I design and assemble 24 copies of a 12-page marketing piece for Flying M Air.
The Arizona tourist season is starting and will be in full-swing by mid November. That means it’s time for me to meet with Phoenix and Scottsdale hotel and resort concierges to make sure they’re aware of Flying M Air’s tours and day trips and to make it easy to sell them for me.
With the relocation of my helicopter from Wickenburg to a base much closer to my customers, I was able to cut prices on all of my tours and day trips. That should make them more attractive to customers. They are not, however, cheap. My lowest price tour is a 50-60 minute trip around Phoenix that costs $495 for up to 3 people. My most expensive flight is a day-long trip to Grand Canyon West’s Skywalk that includes at least four hours in the helicopter and all ground fees and costs $2,495 for up to three people. Ouch.
When you’re selling services with big price tags, you can’t expect a flyer printed on your Epson inkjet printer to impress anyone. You need to create marketing materials that will fully explain and illustrate what you’re offering, presented in a professional-looking package.
And that’s what I spent much of the past week doing.
I use plastic portfolio binders with a cover insert to prepare 12-page booklets about my company and its services. The cover has an 8×10 glossy photo of the helicopter with my company marketing design (the blue and red swirls).
Inside, there’s a “Welcome” letter, mostly for the use of hotel/resort guests who might be browsing the book on their own. It provides brief information about the company and urges them to book through a concierge. If a concierge isn’t available, however, they can call us directly for more information and reservations.
Next are full-color information sheets about the tours and day trips we offer. Each tour sheet includes at least two photos of the destination or route, full pricing information, and branding elements such as my logo. You can see thumbnails of these pages here, on the right side of this post. I created each of these sheets in InDesign, using photos from a collection I’ve been building steadily for about six years. When they were finished, I e-mailed them to the local KwikPrint. The folks there printed them out on their color laser printer. Although I have a color laser printer, their’s does a better job and, given the cost of consumables on mine, is actually cheaper. As you might imagine, all of these documents are available as downloadable PDFs from the Flying M Air Web site. I figure I spent about $200 on printing.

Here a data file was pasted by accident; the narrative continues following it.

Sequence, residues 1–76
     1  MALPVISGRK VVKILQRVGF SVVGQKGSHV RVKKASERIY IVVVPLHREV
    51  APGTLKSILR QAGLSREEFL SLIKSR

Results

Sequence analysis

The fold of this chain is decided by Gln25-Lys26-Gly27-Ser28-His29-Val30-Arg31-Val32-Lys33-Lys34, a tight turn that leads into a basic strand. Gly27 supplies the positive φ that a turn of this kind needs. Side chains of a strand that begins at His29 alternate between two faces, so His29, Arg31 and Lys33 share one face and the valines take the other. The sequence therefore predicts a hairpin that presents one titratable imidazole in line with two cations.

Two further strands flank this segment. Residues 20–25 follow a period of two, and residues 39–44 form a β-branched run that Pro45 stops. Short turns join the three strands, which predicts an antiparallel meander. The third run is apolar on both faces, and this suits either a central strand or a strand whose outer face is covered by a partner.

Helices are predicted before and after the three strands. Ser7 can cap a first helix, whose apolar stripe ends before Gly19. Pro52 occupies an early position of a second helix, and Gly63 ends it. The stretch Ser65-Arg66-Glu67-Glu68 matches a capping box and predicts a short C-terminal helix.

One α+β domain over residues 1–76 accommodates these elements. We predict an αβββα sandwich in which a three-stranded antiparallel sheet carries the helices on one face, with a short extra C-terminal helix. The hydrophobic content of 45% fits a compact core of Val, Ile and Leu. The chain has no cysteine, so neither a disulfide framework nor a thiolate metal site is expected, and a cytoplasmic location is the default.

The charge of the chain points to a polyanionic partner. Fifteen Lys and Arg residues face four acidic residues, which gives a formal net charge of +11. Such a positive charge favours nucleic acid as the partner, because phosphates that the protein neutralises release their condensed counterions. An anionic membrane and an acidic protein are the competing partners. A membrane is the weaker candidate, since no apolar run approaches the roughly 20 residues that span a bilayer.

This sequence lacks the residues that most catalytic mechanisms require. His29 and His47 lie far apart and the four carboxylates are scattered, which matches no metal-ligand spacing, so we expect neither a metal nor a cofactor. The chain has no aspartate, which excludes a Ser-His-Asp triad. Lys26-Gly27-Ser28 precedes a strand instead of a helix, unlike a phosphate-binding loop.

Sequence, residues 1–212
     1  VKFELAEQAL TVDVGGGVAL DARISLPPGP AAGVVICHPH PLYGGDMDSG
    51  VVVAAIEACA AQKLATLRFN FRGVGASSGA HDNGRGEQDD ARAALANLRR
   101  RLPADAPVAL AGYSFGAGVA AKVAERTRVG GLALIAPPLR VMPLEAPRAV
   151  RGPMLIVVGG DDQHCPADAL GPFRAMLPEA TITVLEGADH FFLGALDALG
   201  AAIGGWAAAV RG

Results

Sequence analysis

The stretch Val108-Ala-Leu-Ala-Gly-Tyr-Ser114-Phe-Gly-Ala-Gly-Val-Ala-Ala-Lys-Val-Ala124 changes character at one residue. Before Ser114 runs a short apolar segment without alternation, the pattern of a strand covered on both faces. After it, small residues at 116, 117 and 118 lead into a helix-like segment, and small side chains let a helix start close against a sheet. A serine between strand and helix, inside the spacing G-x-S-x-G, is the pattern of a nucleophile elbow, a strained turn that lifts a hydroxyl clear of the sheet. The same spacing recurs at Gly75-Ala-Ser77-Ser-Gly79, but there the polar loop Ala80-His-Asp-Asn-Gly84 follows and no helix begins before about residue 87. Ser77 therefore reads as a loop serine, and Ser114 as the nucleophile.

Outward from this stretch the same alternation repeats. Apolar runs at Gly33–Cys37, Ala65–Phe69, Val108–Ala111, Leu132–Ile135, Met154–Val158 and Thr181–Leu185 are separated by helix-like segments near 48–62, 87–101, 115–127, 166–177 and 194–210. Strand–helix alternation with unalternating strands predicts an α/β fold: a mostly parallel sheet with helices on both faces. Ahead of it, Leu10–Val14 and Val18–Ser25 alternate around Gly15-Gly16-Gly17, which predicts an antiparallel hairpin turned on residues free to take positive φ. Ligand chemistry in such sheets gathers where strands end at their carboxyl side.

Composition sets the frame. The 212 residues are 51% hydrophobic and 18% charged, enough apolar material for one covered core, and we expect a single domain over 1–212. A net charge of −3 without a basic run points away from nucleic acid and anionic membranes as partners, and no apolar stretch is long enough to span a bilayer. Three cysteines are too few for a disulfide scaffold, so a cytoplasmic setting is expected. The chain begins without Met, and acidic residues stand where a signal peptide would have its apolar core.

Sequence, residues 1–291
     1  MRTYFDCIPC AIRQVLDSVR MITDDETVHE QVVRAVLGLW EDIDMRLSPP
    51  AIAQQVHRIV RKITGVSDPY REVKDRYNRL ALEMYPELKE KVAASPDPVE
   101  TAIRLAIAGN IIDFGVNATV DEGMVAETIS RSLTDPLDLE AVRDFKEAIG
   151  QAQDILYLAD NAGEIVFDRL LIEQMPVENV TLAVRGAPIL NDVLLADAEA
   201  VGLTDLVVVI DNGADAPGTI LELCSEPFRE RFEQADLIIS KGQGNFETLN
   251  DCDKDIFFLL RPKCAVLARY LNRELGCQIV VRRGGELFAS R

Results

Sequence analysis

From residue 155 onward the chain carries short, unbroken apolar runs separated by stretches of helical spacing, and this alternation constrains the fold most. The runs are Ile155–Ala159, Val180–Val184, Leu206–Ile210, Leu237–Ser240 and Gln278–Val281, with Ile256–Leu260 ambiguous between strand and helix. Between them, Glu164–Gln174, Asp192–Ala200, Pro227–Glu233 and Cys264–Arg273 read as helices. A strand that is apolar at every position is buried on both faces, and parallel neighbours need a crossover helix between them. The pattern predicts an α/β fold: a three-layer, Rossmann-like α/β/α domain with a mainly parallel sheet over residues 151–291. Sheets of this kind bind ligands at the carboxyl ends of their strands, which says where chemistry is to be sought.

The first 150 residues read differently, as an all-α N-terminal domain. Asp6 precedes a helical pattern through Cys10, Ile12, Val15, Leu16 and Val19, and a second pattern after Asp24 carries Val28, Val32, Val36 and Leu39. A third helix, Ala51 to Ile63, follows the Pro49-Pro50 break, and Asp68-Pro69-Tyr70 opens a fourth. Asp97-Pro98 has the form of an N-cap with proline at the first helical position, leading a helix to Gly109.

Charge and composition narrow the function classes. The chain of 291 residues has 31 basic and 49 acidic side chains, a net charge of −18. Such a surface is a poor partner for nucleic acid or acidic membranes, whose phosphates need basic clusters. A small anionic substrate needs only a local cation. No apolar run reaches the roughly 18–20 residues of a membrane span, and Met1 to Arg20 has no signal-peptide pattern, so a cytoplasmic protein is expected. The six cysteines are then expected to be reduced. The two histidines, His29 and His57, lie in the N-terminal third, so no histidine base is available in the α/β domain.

I also included a copy of the front cover of the August 2009 issue of Arizona Highways magazine, which listed my company’s Southwest Circle Helicopter Adventure as “The best way to see Arizona in a week.” I clipped out the paragraph about us and pasted it onto the cover image so both the cover and the text are on the same page. The folks at KwikPrint handled the copies of these sheets,too. They look nice.
Then there’s a full page summary of all tours and day trips and their prices, including optional add-ons like Jeep tours or lunch stops.
Finally, there’s a page that provides information about our helicopter, including the make and model, engine specs, and passenger-friendly features.
Putting the books together was rather time consuming and tedious. We did it after dinner last night. Mike helped me. I spread piles of each page out along the table and we walked around the table, inserting pages into the booklet’s plastic sheets. It took about an hour to do 24 of them. I figure that if I would have paid a marketing firm to do the same job, it would have cost me at least $5K for design and document creation and $20 to $50 per booklet.
The resulting booklets are extremely attractive and professional. They present the image I want people to have of my business. The removable pages make it easy for a concierge to pull out a page and make a copy for a guest or co-worker. Frankly, the only way I could make this any better is to print individual booklets using something like iPhoto. But if you make them too nice, people take them as souvenirs — as I discovered the expensive way with a local guest ranch a few years ago.
But what’s most important about the booklets is that they provide all of the information a concierge needs to help a guest make an informed decision about a tour or day trip with Flying M Air. And that, after all, is the purpose of this exercise.
Later this week, I’ll start making the rounds with my husband, Mike, who has become the company’s Marketing Manager. By that time, we’ll have my new business cards back from the printer.
This season, it’s do or die in the Phoenix area. I’m determined to make it work.